Born on July 7th, 1899, in Baltimore, Maryland, Harold grew up with the dream of being a great artist/painter. He set out to complete that dream and he did become that "great" painter.
But what Harold failed to see or to understand fully, was that he and his great works of art and photo chemistry discoveries, would not become famous, valuable, or prized; until long after his passing.
Harold's works of art, sold for less than $80.00 dollars during his life time, yet they sold for hundreds of dollars, when his estate first went up for sale. But at today's auctions, his paintings are being sold for thousands of dollars, under the "Unknown /Non famous Artist" auctions. Some of his paintings to date, have sold for $5000.00 dollars or more.
Harold got into photography as a mere side line, to earn funds to make ends meet, when his paintings were not selling well. Children photos, was always a means to grab a few easy dollars during his earlier days as a painter/artist.
After leaving military service in WW1, New York's Broadway, offered a much better means of earning larger sums of money. So Harold entered into the world of photographing celebrities. And built up a good size practice.
Yet by the late 1920's, Harold Harvey was seeing many of his customers leave for greener pastures in California, as they sought a motion picture career in the early days of Hollywood. Yet Harold Harvey got real lucky, and landed a contract with Chesterfield Tobacco; as a illustrator/photographer in their ads department.
But I am not truly interested in that portion of Harold Leroy Harvey's life. I am more interested into what got him interested in photo chemistry. I would have enjoyed talking to him, one on one. But that is a mute subject in its self, at this time; since he died 43 years ago. Yet the persons that inspired Harvey towards photo chemistry were Harold D. Russell, Arthur W.M. Dickins, and inventors Charles J. Thatcher of the USA, and Frank Clement Starnes of the UK.
Harold wanted his photos to pop, for he was not getting the results he wanted with the items already on the market. So looking for ways to improve his work, plus working in the heat during the New York City summers, he went seeking some assistance and found some local help from Charles J. Thatcher.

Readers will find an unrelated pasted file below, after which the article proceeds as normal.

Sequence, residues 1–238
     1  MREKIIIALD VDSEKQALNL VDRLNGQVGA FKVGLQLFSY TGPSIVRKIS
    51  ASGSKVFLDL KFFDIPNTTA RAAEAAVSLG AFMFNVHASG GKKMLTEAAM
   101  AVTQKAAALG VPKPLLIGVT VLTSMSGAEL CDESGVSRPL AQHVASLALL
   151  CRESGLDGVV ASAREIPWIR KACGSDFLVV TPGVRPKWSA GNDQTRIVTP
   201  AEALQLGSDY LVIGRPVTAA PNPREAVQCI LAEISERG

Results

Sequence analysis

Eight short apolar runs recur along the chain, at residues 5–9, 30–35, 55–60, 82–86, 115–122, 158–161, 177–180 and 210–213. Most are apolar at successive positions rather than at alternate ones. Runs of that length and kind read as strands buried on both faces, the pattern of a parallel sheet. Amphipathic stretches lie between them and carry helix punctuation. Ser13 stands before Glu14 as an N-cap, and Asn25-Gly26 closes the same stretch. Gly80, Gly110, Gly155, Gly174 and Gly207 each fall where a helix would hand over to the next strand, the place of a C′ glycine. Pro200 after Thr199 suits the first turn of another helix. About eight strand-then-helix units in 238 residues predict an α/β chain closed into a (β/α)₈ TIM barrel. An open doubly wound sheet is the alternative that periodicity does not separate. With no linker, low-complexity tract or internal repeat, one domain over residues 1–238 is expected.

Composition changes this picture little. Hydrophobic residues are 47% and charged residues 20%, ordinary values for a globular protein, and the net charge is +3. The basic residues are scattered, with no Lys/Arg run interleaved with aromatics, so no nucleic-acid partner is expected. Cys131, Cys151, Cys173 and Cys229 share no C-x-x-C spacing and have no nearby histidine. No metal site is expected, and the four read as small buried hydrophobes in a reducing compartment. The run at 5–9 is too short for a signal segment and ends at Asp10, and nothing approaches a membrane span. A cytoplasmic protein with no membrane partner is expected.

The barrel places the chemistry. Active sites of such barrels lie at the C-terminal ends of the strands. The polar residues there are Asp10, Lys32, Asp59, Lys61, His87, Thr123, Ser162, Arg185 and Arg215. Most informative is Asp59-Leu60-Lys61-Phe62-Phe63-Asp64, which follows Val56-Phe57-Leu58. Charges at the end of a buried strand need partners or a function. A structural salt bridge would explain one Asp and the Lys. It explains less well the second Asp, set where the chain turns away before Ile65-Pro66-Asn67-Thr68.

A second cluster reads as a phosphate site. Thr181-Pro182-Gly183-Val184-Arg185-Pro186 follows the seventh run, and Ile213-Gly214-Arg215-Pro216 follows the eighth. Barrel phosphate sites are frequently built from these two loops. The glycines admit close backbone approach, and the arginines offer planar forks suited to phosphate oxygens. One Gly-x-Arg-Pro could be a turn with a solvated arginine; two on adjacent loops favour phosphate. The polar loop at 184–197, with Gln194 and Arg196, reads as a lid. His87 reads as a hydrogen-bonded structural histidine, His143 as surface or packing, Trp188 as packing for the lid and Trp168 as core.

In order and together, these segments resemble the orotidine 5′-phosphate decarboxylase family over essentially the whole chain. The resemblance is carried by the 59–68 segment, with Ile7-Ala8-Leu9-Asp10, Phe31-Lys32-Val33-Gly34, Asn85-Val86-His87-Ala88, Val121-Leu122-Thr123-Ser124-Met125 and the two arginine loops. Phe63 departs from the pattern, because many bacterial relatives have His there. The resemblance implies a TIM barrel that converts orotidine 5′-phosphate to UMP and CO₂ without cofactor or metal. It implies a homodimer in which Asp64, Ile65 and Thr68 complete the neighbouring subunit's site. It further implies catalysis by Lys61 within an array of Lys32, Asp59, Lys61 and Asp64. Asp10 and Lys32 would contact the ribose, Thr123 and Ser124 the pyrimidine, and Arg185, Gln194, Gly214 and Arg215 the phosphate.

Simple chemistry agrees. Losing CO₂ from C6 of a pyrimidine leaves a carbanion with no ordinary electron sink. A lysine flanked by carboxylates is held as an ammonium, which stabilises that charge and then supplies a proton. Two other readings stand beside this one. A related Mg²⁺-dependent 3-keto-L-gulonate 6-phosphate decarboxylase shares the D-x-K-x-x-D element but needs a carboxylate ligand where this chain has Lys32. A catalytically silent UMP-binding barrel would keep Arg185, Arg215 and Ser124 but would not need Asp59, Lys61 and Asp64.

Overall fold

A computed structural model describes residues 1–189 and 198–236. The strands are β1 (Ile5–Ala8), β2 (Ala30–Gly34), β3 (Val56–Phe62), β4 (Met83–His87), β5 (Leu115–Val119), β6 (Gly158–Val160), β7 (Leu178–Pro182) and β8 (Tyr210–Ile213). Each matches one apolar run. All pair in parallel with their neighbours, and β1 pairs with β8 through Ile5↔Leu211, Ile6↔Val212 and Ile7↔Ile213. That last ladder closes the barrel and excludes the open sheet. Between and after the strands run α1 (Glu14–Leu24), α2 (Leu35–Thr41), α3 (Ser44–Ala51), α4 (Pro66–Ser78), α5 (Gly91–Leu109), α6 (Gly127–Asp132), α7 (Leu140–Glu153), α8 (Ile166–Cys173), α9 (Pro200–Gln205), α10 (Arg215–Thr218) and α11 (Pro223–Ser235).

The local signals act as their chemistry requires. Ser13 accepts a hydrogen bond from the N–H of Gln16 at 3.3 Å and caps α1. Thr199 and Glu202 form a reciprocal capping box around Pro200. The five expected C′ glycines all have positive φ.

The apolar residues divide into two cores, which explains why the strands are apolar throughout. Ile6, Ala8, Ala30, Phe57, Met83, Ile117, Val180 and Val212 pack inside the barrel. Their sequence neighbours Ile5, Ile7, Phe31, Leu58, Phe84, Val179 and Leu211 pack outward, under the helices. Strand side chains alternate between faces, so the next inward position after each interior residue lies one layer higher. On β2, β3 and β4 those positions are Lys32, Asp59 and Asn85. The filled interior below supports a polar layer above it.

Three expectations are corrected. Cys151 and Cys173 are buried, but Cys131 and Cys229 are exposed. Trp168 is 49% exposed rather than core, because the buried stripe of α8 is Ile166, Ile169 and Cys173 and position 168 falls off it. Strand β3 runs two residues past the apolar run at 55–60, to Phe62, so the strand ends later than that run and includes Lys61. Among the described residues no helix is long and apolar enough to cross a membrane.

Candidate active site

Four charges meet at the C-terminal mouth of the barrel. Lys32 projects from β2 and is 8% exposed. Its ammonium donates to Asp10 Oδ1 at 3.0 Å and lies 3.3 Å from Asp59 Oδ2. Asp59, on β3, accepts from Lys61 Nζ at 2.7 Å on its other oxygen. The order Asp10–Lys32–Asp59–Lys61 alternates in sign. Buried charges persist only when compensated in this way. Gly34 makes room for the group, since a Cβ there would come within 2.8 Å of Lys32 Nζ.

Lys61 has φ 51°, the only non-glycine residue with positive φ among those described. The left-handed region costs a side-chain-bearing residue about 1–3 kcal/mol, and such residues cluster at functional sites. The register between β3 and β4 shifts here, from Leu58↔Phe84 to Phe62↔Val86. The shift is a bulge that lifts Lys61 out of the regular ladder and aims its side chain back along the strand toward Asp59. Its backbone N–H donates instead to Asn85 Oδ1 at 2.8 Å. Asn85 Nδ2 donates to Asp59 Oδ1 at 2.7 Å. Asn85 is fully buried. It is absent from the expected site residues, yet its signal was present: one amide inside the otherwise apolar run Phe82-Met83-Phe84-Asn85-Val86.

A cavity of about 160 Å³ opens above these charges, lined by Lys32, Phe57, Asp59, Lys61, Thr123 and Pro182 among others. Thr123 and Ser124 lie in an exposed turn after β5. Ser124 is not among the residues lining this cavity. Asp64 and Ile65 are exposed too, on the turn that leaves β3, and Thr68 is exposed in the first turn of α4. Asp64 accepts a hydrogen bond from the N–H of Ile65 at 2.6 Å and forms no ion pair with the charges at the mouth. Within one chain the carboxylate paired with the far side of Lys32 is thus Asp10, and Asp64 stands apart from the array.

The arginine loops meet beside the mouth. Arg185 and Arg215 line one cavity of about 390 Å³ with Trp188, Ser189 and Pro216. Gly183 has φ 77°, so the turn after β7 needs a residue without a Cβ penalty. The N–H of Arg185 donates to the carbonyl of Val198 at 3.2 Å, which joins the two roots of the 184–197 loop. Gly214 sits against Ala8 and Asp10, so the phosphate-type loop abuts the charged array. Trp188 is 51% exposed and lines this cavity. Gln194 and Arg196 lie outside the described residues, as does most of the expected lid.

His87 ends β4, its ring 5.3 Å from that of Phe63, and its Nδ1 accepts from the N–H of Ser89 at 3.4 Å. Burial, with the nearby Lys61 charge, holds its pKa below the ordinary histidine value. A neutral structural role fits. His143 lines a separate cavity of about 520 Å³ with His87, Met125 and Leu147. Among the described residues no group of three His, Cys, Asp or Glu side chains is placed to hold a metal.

Charles J. Thatcher was well known in and around New York City's (Hollywood) film studios and the Broadway circuit, before most of the old East Coast Studios packed up and moved to California, where they could do filming year round. Thatcher's system of film development was far superior to that of Ansco and Kodak's; in outputting outstanding developed movie film. But like it is in any business, money talks and B.S. walks. And with Ansco and Kodak being willing to invest large sums of money into many of the up and coming film studios, they got the go ahead O.K., in the front rooms and the darkrooms of many of the film studios. Because in the early 1900's, the major users of 35 mm film and the chemicals used to develop them, were the film studios. Most amateurs photographers, were using 616 roll film or 620/120 roll film in 6 x 6 or 6 x 9, and sheet film. Harold wanted to use the new 35 mm cameras that were then on the market, because he could take more photos with it. 22 or 24 shots, than the normal 12, or 9 photo shots.
According to history, Harvey stated that it took him 8 to 10 months to design his formula for 777 and two years of testing. Harold Harvey had various other friends and associates, that assisted him in his development of the now well known 777 developers. In fact, when Harvey sold his 777 formula to Defender, he continued to create similar formulas for film development, that he shared with friends and fellow professionals. And thou they were not called 777, these developers were very similar in their function.
Harvey would buy back the rights to use the 777 trademark from DuPont in the early 1950's. DuPont sold the rights because they did not truly push the sell of DuPont 777. And the sells of 777, were very low, compared to some of DuPont's other photo products. For nearly 12 years, DuPont had lost money on Defender/DuPont 777. This came about because, Photograph Studios would purchase only a few cases of 777, and would not buy another supply for two or three years. When their business and sells were good, studios would stock up on 777, in the form of several cases. Which would serve them for years. Even DuPont's sells to hobbyist that used 777, were also very low. Because it would last for a long time before requiring replacement.
Harold Leroy Harvey, open his new business, "Harvey Photochemicals Inc"., in Newton, New Jersey; in the 1950's. But just like DuPont, sells were slow and low. Why, you might ask. Because it was just that good. It lasted too long, and kept getting better and better, the more it was used. Not something that Kodak or Ansco wanted for their products. So, the turn around on Harvey 777, was a very slow one.